on Friday to promote negotiations
ahead of a visit by a delegation of
foreign ministers from member
S nations next week.
- Compiled from
Daily wire reports
more than 200
With the addition of the Supreme Court's newest member, Justice Sonia Sotomayor (top row right), the high court sits tAr a
new group photograph on Tuesday, Sept. 29, 2009, at the Supreme Court in Washington.
High Court to decide
state gun rights case
trapped in rubble
PADANG, Indonesia (AP) - A
powerful earthquake that struck
western Indonesia triggered land-
slides and trapped thousands of
people under collapsed buildings
- including two hospitals, officials
in one coastal city and the toll was
expected tobe far higher.
The temblor yesterday started
fires, severed roads and cut off
power and communications to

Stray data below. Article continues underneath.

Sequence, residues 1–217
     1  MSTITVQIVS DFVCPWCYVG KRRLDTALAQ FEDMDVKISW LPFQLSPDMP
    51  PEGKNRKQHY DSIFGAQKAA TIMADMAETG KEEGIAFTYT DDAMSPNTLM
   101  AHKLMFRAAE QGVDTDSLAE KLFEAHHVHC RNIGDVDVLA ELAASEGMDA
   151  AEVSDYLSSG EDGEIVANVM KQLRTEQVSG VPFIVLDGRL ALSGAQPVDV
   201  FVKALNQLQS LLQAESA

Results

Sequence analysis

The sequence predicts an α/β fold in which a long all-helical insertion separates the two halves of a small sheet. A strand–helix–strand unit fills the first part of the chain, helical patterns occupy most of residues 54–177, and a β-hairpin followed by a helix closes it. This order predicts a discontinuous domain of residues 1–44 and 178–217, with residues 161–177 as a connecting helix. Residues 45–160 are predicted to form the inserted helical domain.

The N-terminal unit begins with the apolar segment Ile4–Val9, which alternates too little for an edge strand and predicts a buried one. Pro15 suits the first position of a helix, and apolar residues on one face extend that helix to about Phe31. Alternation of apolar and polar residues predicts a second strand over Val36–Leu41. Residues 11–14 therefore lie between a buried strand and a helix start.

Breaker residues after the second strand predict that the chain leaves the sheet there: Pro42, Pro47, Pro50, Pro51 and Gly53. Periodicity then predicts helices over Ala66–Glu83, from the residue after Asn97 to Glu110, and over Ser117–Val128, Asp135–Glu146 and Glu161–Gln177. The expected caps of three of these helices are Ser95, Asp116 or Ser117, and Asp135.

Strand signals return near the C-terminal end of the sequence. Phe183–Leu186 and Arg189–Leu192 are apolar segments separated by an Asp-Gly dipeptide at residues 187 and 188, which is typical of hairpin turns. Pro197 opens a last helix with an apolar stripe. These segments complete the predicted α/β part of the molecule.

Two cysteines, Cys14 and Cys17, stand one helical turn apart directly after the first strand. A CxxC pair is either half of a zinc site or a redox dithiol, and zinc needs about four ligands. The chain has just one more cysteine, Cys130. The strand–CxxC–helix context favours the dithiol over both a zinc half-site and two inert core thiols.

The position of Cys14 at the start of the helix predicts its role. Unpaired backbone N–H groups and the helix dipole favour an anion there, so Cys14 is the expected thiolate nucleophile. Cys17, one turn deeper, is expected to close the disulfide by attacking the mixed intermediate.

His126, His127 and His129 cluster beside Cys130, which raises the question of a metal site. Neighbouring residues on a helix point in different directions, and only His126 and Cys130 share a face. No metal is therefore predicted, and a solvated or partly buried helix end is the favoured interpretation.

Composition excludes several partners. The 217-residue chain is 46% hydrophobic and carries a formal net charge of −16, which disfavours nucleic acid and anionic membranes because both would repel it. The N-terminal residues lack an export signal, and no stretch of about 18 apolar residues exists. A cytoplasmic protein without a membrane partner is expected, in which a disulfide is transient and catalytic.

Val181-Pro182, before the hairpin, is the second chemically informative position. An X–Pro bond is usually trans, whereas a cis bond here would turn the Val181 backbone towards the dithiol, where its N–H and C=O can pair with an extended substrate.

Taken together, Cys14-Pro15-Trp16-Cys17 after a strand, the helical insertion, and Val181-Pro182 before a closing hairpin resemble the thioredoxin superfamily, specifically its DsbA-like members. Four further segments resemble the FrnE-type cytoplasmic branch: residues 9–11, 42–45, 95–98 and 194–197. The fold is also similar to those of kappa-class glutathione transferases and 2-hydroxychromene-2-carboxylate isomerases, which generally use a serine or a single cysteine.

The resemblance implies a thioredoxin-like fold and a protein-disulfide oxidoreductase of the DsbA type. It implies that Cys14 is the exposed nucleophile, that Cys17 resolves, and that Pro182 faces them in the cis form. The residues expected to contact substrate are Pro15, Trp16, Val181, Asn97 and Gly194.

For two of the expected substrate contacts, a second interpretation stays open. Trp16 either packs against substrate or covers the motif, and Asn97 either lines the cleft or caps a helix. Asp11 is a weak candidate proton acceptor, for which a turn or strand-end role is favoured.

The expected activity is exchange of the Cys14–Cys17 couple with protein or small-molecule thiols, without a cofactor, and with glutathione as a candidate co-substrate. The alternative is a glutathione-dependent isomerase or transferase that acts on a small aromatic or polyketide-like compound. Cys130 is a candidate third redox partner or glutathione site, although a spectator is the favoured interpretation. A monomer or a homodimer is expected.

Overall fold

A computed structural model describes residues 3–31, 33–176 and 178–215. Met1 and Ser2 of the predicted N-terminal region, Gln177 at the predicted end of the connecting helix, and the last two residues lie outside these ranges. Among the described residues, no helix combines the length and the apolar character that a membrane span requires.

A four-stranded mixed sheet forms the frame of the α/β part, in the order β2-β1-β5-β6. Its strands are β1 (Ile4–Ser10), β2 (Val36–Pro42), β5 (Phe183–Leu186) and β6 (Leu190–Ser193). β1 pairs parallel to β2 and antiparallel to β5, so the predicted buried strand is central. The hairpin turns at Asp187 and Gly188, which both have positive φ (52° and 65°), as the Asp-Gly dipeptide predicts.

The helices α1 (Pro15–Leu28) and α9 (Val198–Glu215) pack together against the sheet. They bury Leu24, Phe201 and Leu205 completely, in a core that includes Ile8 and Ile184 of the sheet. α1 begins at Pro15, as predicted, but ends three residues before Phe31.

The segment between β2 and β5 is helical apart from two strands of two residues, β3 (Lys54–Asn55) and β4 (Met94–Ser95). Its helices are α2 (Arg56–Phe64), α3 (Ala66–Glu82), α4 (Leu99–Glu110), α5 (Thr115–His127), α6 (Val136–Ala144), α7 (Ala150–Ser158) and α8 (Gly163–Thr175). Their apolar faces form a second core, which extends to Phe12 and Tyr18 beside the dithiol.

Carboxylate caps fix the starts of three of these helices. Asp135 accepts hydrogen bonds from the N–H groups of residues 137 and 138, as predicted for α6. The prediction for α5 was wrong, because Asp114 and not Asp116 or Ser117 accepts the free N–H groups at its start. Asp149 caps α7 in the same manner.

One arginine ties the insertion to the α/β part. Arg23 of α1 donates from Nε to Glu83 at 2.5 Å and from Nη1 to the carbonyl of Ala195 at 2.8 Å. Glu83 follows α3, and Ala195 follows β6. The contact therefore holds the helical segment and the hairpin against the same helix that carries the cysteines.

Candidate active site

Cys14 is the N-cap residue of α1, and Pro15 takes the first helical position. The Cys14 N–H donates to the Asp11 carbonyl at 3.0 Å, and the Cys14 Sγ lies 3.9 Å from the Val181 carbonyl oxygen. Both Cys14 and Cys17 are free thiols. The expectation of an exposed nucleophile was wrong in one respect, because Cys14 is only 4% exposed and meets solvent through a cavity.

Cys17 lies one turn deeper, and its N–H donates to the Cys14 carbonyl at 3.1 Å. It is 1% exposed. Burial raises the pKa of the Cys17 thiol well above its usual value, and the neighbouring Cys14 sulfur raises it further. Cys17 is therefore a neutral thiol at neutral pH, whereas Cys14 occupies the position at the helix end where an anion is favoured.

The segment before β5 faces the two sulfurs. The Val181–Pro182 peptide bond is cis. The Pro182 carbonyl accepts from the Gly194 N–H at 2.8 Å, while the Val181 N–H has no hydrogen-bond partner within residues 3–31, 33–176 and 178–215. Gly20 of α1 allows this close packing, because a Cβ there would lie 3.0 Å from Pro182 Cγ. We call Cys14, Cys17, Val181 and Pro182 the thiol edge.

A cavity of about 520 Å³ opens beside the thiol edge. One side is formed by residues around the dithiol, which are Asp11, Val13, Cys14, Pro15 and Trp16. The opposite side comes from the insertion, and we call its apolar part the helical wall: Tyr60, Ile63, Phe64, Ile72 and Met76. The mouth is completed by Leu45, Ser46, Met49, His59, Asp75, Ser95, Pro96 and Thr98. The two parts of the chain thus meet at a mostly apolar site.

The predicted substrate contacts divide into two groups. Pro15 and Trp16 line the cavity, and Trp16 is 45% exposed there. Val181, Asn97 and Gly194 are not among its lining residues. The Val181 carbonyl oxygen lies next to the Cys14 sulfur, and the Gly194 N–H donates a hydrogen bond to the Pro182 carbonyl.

Padang, a coastal city of 900,000
on Sumatra island. Thousands fled
in panic, fearing a tsunami.
Buildings swayed hundreds of
miles (kilometers) away in neigh-
boring Malaysia and Singapore.
In the sprawling low-lying city
of Padang, the shaking was so
intense that people crouched or
sat on the street to avoid falling.
Children screamed as an exodus of
thousands tried to get away from
the coast in cars and motorbikes,
At least 500buildings in Padang,
the regional capital, collapsed or
were badly damaged, said Disaster
Management Agency spokesman
Priyadi Kardono, adding that 200
bodies had been pulled from the
The extent of damage in sur-
rounding areas was still unclear
due to poor communications, he
Padang's mayor appealed for
assistance on Indonesian radio sta-
"We are overwhelmed with vic-
tims and ... lack of clean water, elec-
tricity and telecommunications,"